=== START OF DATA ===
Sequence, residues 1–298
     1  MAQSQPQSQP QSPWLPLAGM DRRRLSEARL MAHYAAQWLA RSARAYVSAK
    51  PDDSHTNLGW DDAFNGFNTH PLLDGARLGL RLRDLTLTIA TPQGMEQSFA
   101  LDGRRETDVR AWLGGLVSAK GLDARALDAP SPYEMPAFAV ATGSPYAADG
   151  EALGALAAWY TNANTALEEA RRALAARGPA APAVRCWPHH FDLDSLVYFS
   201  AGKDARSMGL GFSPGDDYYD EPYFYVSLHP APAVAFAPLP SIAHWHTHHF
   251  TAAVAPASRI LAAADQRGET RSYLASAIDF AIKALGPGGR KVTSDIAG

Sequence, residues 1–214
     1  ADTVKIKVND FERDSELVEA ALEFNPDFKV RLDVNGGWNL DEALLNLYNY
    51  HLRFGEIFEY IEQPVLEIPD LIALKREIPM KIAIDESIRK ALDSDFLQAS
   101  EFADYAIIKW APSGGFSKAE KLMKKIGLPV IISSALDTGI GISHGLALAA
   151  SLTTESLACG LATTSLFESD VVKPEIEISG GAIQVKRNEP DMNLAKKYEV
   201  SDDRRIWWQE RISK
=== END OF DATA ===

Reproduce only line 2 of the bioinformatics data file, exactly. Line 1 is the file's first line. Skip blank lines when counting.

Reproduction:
     1  MAQSQPQSQP QSPWLPLAGM DRRRLSEARL MAHYAAQWLA RSARAYVSAK